Lest not forget this classic audit from the Michigan Auditor General on the corruption of the system and incompetence of administration of the central registry.
Michigan Audit of Department of Human Services 2004

Warner says “actually, in our constitutional system, they can’t cut off your electricity or welfare benefits without giving you a fair hearing first. But in Michigan, they can put you on the black list of child abusers, and they don’t have to give year a hearing, and that’s written in the law.”

Not until you are put on the registry can you request a hearing to get off the list.

“I’m guilty before I’m proven innocent and I didn’t do anything,” Debbie says.

But, Colin Parks who heads Child Protective Services, which is part of the Department of Human Services, defends how the registry works.

I have not been keeping up with the musical chairs of administration over at DHS but I do remember a piece fecal matter by the name of Steve Yager.  

Steve Yager was a final decision maker on who would get off the central registry.  Here is a quote from one of his decisions of why he would not remove a person from the registry:

"You are denied your request to be removed from the central registry because you were placed on the central registry."

When there is a hearing to remove a name from the central registry, it is recorded.  Here is an actual quote from an administrative law judge in such hearing"

"There are no constitutionalities in this proceeding."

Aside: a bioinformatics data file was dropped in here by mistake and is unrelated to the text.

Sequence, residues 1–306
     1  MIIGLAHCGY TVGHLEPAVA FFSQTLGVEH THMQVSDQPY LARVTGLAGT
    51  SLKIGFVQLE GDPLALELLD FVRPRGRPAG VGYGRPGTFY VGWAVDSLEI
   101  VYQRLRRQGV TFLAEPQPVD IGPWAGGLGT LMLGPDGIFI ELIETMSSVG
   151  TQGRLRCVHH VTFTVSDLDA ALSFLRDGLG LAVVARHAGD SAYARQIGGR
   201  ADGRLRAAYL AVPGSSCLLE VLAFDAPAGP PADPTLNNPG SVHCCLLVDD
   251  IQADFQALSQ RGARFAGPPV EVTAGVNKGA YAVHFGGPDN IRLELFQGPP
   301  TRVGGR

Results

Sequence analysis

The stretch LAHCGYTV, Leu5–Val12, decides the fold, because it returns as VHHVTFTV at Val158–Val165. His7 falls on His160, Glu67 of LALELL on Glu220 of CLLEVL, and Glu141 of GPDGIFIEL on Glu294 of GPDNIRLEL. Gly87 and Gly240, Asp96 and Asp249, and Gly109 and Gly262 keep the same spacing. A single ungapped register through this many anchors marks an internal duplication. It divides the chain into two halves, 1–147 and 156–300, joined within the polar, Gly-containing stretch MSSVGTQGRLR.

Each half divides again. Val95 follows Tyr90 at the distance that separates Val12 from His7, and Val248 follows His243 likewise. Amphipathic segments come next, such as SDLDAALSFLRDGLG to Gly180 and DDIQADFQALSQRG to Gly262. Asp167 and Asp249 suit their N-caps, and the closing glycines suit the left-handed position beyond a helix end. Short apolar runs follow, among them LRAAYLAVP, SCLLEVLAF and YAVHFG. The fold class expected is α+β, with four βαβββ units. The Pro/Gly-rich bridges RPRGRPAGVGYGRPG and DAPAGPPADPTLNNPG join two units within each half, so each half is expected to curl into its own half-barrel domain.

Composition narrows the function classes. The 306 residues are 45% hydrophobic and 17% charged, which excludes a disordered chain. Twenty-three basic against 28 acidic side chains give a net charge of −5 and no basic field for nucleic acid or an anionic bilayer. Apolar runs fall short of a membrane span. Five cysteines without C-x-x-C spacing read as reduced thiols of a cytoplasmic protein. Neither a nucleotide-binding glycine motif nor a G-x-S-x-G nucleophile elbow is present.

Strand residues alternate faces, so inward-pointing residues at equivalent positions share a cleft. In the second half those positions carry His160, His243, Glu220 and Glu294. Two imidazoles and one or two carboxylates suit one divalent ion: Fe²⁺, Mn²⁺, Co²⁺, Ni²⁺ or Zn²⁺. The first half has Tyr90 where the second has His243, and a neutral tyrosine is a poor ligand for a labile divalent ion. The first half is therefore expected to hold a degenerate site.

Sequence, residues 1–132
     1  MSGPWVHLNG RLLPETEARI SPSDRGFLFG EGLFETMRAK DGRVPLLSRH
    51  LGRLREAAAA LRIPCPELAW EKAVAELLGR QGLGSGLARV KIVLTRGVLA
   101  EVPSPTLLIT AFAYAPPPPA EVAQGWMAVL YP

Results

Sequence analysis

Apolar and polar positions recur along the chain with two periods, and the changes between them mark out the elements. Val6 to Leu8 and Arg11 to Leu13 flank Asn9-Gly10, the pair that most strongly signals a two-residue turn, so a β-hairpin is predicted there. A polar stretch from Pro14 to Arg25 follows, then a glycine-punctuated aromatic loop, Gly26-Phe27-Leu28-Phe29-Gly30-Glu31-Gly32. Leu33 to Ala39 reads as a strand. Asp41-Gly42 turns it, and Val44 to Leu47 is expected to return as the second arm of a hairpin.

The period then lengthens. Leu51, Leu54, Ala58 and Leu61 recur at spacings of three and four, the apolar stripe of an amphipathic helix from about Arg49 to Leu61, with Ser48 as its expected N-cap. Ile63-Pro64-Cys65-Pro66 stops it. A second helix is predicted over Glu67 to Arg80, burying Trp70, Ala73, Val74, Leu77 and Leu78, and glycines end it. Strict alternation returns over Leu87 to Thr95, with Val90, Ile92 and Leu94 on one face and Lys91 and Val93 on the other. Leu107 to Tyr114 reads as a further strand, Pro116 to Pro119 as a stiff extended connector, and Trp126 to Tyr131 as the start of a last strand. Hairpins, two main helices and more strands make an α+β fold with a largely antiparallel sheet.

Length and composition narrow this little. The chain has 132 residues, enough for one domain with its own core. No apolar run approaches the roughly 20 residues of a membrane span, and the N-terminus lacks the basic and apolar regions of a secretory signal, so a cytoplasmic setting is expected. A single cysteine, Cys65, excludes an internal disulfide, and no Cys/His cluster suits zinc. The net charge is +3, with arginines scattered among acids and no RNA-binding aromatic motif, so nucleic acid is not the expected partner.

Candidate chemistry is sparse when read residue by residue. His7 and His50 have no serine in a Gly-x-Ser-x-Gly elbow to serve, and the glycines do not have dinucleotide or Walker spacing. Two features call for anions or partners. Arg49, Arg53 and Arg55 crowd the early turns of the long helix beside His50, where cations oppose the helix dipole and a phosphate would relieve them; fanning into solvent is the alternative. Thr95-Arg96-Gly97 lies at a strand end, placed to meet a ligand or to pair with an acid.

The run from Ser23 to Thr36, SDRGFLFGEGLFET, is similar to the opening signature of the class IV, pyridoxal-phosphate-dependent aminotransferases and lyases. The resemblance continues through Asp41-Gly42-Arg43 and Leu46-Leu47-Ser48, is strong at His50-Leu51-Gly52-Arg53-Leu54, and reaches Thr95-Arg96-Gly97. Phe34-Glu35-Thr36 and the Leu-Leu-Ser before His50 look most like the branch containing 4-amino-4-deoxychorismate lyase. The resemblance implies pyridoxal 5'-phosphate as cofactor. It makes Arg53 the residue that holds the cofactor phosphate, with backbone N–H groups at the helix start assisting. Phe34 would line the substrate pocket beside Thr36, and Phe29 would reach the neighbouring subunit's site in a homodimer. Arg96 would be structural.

He says everyone is thoroughly investigated before their name is added to it. “It is evidence based,” Parks says. “It’s not a subjective decision. The worker doesn’t arbitrarily make a decision to put somebody on the registry.”

Sometimes the decisions are not just arbitrary, they are also capricious.  It's Michigan's philosophy under the Cotton Doctrine.  Upon exiting the child welfare system through a consent decision of the Michigan Children's Institute Superintendent Bill Johnson, the Cotton Doctrine is used to defend the placement decisions of the state.  One must prove the Superintendent did not whimsically make a decision, albeit the decision was wrong.

Upon entry of the child welfare system, (the central registry) one must prove the decision, albeit wrong, was done whimsically.  The Cotton Doctrine is what Collin Parks is spouting.

As God is my witness, depose me.  Call me to the stand under oath and I will give you copiously preserved state records that will emphatically prove that Collin Parks is utterly incompetent to be in his position and that the state is covering up Medicaid fraud in child welfare.

Asked if the state should first hold a hearing before adding a name to the list, Parks said no, because there isn’t time or resources to do it with more than 80,000 new child abuse and neglect cases under investigation every year. “Out of all of those cases, the expectation that somebody would be able to review those decisions would be a very time consuming task,” he said. “I’m concerned that based on that volume if it would be possible.”

At this time I am asking everyone who reads this to formally request a background on your name to find out if you are on the central registry.  Even though you may never had children or never been around children, do anyway just to see the system implode to demonstrate that the central registry is the cover up for Michigan's child welfare fraud schemes right as the federal case is being filed.  Besides, how would you know if you were never notified?

Attorney Warner plans to sue the state over the central registry in federal court early next month. She wants Michigan to do what other states with registries have done: hold a hearing before a person is added to the list.

There is no such thing as due process in child welfare.  

Get them.  Call me when you need me.  I got more.